Gold and silver rose sharply in 2020, and their rallies could continue this year.
Both precious metals closed out their best years in a decade last week, capping off a tumultuous year spurred on by the COVID-19 pandemic.
In August, gold hit a new all-time high of $2,067.15, and the yellow metal ended the year up 25% – the biggest full-year advance since 2010. Silver gained 48% last year.
And for 2021, Miller Tabak chief market strategist Matt Maley says the two metals could hit new records, barring minor hurdles.
“They both look pretty good here,” Maley said. “We do need a little bit more upside in both of them to really confirm that it’s reigniting its upward trend.”
Pointing to silver’s chart, Maley said both metals “saw a downside move in August and September” after big rallies in the early half of 2020, that saw silver breaking below a trend line extending back to its March low.
“That really worried me,” Maley continued. “I thought, ‘Geez, this is going to be a problem for silver.’ But then, instead of making a lower low, it held its early-fall lows and made a double bottom. That was bullish.”
The double bottom pattern pushed silver to make a new higher high above its November peak, which Maley said is another “very bullish” sign for the metal, adding that its now “slightly above that trend line, but it needs to move a little bit higher to kind of confirm that it’s reversing its trend. But it’s getting very close. So, a lot of bullish potential there.”
One catalyst that should propel silver higher over the long term is rising solar panel production. That’s according to Goldman Sachs analyst Mikhail Sprogis, who said in a recent note that the metal stands out as an “obvious beneficiary” as global infrastructure stimulus moving toward renewable energy, and solar in particular.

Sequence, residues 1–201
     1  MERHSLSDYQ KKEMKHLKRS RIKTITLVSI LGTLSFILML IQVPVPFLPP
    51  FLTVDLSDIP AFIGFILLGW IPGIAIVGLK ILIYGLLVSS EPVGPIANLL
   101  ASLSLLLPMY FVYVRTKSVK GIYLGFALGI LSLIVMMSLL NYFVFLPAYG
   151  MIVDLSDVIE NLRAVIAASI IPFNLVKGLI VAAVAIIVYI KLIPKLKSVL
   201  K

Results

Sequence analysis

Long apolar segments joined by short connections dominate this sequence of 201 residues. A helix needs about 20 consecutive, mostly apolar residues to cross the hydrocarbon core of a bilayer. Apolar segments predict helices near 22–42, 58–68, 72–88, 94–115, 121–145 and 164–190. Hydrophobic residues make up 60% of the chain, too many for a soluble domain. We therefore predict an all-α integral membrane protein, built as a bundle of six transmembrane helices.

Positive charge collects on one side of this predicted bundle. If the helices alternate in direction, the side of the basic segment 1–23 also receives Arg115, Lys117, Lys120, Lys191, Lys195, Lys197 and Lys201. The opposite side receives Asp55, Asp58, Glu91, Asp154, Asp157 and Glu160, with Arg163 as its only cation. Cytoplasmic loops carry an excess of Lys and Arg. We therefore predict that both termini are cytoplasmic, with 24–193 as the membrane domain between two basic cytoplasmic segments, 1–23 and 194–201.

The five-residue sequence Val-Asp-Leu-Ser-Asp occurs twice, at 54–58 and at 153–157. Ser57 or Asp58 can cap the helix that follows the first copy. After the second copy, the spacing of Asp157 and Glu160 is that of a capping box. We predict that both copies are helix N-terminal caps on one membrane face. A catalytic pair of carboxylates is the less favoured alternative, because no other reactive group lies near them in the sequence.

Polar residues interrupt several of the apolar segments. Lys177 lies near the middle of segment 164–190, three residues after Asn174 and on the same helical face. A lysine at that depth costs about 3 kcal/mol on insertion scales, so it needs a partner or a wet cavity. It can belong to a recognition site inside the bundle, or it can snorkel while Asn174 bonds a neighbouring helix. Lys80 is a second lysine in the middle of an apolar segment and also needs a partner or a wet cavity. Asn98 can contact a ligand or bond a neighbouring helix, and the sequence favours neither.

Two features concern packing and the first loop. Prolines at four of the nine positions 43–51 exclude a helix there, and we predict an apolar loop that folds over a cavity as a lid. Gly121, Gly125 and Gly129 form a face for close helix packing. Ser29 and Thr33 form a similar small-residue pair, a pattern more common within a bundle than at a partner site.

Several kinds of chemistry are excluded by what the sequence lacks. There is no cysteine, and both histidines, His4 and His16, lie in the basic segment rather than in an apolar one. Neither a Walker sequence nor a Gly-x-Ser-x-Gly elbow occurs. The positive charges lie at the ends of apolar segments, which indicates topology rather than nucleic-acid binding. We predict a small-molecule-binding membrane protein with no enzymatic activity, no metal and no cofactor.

For one example President-elect Joe Biden has pledged to install 500 million solar panels over the next five years, with Goldman estimating solar installation will jump by 50% from 2019 to 2023.
Sporgis added that even as silver prices have risen higher over the last year, solar panel makers are finding new ways to use silver more sparingly, with newer panels having around 25% less of the metal. And while this will temper demand for the shiny metal, it won’t eliminate it.
“All in all, over the next three years solar should boost silver total industrial demand by 2% in the base case and by 9% in a bull case,” Sporgis said, adding that if the bull case materializes, silver prices could see a 10% boost.
But gold, on the other hand, is in what Maley calls a “downward-sloping trend channel.”
Gold hit a record in August as the dollar sank to its lowest level since April 2018 amid an unprecedented wave of stimulus by central banks and governments that led to currency debasement and inflation. Since then, gold has slid 7% to trade at $1,917.30 at the time of writing.
“It’s bumping up against the top line of that trend channel right at $1,900,” Maley said. “So, if it can break above that, that’s going to be bullish. We really want to see that followed by a nice higher high as well. So, that $1,950 level is really the one I’m looking at to confirm that we’re going to return to that upward bias in gold. So, again, both have a lot of potential, but we need a little bit more upside before we can really raise a green flag again on the two commodities.”
“Gold’s main drivers—weaker U.S. dollar and low real interest rates—are likely to provide support,” even as coronavirus vaccines are distributed around the world, said Vasu Menon, the executive director of investment strategy at Oversea-Chinese Banking Corp. And with the Fed likely keeping rates lower for longer, Menon added that “it is too early to throw in the towel on gold.”